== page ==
Our dogs aren't different from humans in this respect, they also get cancer and it is possible that processed meat is just as equally a carcinogen for them. Taking into account that our dogs eat meat every single day in much greater amounts than humans (proportionate to body weight), feeding meats raw sounds a no brainer.
To be honest, my girls never really got on with raw food and I didn't particularly like it the process that much myself. I boil the meat for the exact reasons you mention - just trying to keep everything to as low a temperature as possible. They just seem to prefer cooked meat and from all of the literature I have found (mainly Lippert & Sapy 2003), the numbers point to dogs eating home-cooked food living longer lives. Definitely not placing a home-cooked diet any higher than a raw diet in terms of benefits to the dogs, but hopefully we are doing much better than a lot of the canned or dry processed foods. Thanks for the reply though monkeyj! love having these kind of convos!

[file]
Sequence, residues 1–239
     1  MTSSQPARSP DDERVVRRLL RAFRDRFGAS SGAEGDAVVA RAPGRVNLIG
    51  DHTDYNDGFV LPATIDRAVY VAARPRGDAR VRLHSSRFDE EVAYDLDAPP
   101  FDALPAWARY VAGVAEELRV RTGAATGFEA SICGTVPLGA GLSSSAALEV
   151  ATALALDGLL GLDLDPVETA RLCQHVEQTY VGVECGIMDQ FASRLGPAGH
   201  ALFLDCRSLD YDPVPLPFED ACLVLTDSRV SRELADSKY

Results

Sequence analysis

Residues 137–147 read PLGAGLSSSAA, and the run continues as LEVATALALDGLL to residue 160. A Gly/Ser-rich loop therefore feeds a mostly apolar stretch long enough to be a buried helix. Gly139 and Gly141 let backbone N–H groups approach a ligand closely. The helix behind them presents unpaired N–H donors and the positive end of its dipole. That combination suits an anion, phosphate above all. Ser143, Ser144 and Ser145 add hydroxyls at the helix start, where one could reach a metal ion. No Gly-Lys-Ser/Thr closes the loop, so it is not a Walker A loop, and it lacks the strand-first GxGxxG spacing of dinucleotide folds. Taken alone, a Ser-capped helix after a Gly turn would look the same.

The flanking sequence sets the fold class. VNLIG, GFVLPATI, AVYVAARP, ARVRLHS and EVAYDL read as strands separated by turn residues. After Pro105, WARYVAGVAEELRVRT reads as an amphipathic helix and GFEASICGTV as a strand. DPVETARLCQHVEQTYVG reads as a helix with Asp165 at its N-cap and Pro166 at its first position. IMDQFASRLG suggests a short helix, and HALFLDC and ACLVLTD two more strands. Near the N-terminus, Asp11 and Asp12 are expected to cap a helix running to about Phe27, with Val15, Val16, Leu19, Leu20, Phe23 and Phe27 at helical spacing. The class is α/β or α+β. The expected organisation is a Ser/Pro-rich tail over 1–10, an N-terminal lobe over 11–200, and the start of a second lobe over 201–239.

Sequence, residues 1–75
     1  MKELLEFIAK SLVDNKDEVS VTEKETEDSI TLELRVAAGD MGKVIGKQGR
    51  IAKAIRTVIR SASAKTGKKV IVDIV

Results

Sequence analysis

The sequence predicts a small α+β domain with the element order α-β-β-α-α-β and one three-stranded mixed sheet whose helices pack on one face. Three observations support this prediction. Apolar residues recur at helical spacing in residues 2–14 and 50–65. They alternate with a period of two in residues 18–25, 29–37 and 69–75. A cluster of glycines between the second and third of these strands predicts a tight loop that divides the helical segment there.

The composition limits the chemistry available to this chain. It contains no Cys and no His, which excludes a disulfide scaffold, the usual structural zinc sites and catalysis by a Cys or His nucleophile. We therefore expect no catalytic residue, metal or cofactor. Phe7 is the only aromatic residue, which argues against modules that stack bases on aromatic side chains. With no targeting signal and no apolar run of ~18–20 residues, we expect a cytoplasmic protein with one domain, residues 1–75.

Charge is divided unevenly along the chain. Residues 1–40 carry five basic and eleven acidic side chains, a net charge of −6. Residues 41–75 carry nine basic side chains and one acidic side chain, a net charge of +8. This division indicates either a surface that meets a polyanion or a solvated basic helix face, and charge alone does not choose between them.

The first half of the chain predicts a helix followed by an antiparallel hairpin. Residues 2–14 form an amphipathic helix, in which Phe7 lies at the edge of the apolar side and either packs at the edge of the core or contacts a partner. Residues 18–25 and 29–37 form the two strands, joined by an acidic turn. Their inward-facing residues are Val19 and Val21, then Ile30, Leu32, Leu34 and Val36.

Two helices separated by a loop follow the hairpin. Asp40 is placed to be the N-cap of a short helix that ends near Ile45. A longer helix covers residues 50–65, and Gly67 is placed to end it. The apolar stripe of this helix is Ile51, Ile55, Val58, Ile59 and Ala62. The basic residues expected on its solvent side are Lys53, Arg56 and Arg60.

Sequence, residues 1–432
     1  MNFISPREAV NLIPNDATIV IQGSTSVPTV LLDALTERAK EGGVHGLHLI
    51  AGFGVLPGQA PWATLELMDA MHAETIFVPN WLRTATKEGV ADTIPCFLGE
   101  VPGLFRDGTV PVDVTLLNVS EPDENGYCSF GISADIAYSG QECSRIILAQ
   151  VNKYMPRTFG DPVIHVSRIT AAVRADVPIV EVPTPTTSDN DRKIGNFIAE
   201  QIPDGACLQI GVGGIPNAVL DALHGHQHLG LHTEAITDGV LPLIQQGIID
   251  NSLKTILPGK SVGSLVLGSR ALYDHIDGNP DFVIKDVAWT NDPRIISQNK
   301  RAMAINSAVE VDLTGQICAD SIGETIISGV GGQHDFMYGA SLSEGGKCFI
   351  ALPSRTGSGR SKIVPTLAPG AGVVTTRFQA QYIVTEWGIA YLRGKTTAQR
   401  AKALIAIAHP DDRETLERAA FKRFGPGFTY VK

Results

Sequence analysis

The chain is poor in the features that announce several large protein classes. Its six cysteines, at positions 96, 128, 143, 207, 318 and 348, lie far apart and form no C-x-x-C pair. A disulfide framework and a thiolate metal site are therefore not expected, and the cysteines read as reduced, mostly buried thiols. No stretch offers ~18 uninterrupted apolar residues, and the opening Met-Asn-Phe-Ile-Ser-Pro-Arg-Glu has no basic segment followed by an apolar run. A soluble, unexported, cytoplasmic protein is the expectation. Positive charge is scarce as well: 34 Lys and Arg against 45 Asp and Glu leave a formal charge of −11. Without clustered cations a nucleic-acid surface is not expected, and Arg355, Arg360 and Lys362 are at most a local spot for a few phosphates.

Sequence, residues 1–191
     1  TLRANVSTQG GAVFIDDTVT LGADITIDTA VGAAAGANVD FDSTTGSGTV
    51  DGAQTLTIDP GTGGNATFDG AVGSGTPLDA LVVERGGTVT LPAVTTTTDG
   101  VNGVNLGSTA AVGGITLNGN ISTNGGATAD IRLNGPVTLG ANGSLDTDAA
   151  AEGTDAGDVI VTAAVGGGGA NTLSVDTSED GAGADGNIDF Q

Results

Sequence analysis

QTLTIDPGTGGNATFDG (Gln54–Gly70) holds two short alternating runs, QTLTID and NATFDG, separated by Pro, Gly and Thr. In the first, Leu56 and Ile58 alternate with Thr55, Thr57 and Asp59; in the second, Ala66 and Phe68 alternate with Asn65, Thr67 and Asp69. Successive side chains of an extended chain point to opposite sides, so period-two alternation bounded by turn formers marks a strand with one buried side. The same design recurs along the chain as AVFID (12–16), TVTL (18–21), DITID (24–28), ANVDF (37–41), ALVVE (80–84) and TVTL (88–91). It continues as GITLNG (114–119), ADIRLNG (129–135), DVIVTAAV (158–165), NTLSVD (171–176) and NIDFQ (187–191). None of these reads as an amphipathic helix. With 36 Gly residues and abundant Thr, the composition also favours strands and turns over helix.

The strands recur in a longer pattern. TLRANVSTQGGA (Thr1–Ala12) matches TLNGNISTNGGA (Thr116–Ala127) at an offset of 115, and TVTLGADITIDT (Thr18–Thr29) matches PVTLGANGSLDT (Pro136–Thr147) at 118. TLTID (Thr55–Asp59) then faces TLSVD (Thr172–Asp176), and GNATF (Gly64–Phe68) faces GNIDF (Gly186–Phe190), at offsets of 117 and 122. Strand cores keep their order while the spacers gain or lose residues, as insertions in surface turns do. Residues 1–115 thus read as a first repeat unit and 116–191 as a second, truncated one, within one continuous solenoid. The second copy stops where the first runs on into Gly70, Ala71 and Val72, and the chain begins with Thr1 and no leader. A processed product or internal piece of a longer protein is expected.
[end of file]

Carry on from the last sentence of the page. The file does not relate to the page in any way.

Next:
> from all of the literature I have found (mainly Lippert & Sapy 2003), the numbers point to dogs eating home-cooked food living longer lives.
Home cooked or home prepared? I agree that cooking at home would be much better than feeding commercial dry/canned food, if not only due to much less/absence of preservatives. But do these studies make an argument that feeding home cooked i.e. processed meats and meals result in longer living dogs, than feeding equally home prepared diet but which is uncooked?
16.05.17 17:44 GMT
I've been using Eden and my dogs have lost tons of weight even though I'm feeding more then the recommended amount, also their coats have blown, I'm very disappointed with it.
This study in particular points to dogs eating 'home made food with products used in the owner's meals'. It is a comparison of home made versus industrially produced, not home prepared raw vs home prepared cooked. Super interesting read.
> This study in particular points to dogs eating 'home made food with products used in the owner's meals'. It is a comparison of home made versus industrially produced
Yes with this I agree absolutely!